I think that the extensive use of technology in today’s world has made studying history as a field much more accessible. Thousands of documents, books, newspapers, etc. that without technology would only be available in select locations can now be accessed almost anywhere. Digital resources has made finding information on basically any topic much easier. These resources also allow for collaborative research projects as well. Many historians, scholars, and even students can collectively work on and contribute to historical research projects due to the use of digital resources such as websites. These websites that contain maps, historical documents, timelines, as well as progress updates on the research, not only provide a central location for the collective work of the researchers but they also are a source of readily available historical information for the general public. Technology and digital resources also make communicating, sharing, and presenting historical research much simpler as well. Presentations can be shared with other members of a field of study world wide. I think that other professional benefit similarly from the use of digital resources. Today’s advanced technology allows for communication and collaboration with people almost anywhere in the world.
I believe that the more recent fields of study such as women’s and gender, social, cultural, environmental, and ethnohistory are all very important contributions to the overall study of history. Each of these different fields provides a new yet diverse perspective that goes beyond the typical historical narrative. They take the normal stories we learn about and unpackage them to display just how complex the past really is. I also find that these fields of study make the past as well as history in general more relatable to a wider audience. Using early American history as an example, the typical narrative of the United States focus mostly on the white Protestant male. Obviously this excludes a large amount of the people living in North America. A Native American woman will not relate to the history of North America when it is soley centered on white men. However with the introduction of social history, women’s history and ethnohistory, this Native American woman may be able to personally realte to the past; the past becomes very real to the reader. However with all of these different fields the problem of being able to unify al of these differing perspectives into one overall general history. Some topics become too focused to fit into the larger narrative of history. I personally find ethnohistory very intriguing. Throughout grade school I was always taught that Natives were backwards, uncivilized, inferior humans. So being able to dig into their complex and intelligent societies is extremely interesting to me.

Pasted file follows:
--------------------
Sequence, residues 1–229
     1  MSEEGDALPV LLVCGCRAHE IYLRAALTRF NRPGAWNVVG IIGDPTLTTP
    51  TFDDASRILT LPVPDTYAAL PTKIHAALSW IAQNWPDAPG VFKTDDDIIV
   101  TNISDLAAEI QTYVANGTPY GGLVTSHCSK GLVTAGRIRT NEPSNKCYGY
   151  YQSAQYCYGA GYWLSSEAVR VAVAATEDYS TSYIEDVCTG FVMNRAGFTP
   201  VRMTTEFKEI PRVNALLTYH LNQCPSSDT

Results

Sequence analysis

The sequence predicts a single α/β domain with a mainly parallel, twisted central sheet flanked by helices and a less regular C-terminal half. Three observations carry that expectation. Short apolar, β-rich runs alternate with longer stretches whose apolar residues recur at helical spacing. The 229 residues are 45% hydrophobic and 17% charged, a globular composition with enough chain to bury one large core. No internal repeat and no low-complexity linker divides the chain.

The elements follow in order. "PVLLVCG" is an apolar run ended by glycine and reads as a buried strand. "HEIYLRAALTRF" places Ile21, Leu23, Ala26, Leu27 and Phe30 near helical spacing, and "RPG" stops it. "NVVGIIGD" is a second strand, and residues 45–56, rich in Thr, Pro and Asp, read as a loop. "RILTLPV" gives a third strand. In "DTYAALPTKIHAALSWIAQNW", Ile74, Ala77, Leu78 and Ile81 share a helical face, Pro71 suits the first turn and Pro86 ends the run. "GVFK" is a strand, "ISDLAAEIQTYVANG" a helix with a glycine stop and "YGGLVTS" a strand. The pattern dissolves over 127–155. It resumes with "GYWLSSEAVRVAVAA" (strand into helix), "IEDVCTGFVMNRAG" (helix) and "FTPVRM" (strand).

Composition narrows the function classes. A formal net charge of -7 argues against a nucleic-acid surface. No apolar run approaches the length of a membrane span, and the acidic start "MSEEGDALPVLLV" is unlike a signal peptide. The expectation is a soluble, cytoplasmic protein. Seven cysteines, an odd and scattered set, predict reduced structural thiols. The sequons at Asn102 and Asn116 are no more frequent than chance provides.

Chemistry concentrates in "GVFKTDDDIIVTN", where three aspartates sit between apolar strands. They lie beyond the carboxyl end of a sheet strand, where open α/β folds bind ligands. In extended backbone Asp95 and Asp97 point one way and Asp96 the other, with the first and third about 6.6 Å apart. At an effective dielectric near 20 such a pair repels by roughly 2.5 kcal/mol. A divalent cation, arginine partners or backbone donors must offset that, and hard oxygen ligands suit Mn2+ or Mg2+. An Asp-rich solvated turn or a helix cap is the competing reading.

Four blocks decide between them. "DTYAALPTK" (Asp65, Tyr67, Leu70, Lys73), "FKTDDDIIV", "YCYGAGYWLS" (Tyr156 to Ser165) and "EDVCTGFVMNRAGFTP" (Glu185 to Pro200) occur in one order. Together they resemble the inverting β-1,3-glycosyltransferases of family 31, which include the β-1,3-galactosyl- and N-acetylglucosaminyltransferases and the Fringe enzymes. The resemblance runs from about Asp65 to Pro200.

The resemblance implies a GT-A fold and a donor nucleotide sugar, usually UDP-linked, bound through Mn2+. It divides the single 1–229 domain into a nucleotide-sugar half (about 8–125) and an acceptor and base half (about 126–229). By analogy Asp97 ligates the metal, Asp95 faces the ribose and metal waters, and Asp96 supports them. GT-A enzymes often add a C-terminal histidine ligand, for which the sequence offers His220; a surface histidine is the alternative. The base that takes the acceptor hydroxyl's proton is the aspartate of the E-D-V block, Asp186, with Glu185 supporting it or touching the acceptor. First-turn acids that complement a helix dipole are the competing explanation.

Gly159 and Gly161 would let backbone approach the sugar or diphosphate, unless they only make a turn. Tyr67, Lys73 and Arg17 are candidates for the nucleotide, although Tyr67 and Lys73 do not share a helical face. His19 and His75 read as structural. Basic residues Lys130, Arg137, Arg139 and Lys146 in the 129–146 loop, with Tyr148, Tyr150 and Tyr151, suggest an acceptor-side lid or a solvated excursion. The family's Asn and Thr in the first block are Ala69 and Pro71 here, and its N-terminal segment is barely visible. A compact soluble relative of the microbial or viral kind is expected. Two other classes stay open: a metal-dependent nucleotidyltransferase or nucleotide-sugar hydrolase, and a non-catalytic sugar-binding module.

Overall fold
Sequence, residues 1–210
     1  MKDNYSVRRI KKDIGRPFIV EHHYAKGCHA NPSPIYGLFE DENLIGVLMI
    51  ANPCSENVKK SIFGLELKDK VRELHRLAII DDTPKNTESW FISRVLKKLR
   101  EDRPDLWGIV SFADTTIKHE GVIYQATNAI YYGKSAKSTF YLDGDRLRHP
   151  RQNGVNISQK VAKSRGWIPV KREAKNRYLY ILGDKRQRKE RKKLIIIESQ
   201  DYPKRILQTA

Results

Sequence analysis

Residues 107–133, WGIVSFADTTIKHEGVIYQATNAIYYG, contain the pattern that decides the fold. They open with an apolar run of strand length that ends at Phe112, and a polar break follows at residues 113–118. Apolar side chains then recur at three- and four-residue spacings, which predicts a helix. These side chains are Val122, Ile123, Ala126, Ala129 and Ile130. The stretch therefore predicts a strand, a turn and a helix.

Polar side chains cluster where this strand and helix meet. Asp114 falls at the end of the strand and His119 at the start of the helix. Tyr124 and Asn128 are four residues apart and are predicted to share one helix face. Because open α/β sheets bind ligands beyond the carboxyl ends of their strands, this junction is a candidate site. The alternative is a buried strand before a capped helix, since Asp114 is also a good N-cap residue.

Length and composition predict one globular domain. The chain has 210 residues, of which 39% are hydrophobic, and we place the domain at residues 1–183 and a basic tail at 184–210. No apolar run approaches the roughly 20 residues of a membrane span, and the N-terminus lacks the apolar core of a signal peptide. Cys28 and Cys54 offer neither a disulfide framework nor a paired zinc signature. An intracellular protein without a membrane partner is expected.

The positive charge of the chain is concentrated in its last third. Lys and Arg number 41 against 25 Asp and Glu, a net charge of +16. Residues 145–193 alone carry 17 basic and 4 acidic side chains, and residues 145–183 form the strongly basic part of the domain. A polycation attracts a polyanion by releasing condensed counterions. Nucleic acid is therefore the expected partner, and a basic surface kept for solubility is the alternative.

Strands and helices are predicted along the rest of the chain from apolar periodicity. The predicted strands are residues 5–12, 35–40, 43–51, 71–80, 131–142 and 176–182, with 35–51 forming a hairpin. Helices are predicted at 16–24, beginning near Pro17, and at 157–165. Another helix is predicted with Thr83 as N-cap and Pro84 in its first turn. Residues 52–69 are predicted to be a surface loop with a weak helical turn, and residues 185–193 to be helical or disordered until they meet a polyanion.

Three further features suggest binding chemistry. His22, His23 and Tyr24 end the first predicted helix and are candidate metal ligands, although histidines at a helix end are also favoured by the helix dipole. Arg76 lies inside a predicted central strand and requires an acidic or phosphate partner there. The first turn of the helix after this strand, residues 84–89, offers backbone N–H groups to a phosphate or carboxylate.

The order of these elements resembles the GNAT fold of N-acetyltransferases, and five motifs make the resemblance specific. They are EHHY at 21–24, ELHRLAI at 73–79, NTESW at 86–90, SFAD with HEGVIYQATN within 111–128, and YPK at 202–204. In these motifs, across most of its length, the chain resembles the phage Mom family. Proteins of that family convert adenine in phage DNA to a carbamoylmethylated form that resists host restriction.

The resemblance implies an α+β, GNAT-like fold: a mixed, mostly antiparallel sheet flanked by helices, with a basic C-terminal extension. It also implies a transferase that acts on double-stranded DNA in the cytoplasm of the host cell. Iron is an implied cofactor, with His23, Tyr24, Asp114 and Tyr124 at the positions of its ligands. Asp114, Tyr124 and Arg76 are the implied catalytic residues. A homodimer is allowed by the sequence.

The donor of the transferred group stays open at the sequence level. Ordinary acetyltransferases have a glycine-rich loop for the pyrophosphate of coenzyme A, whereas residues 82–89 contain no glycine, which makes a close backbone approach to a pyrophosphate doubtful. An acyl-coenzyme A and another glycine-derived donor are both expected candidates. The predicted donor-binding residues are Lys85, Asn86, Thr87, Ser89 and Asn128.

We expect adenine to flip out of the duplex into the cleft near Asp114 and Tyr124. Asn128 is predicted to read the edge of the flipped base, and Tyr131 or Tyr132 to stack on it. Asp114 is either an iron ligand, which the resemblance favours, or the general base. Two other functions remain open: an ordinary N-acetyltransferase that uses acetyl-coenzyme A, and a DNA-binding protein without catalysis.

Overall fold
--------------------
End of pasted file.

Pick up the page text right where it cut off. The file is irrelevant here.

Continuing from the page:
History has always been an interest of mine and was one of my favorite subjects in school. However, all throughout elementary, middle and high school, the same historical events were taught about all the time, using the same rhetoric and language. In addition, these major events only focused on traditional subjects such as military events, politics, and economics. As the same history is taught over and over again with no diversion into other aspects of history, many people become bored or disinterested in history in general. With “new history” refocusing and rethinking the past so many new doors for study are opened. By delving into not just the military or political aspect of an event but also the social factors such as class, race, religion, and gender, we can obtain a much broader understanding of why and how things have happened in the past. With many of my family members and close friends being in the military, I have always been intrigued with military history. However, from being at UMW and studying other aspects of history I have found I really enjoy studying the social and political factors that helped shape battles, wars, and conflicts.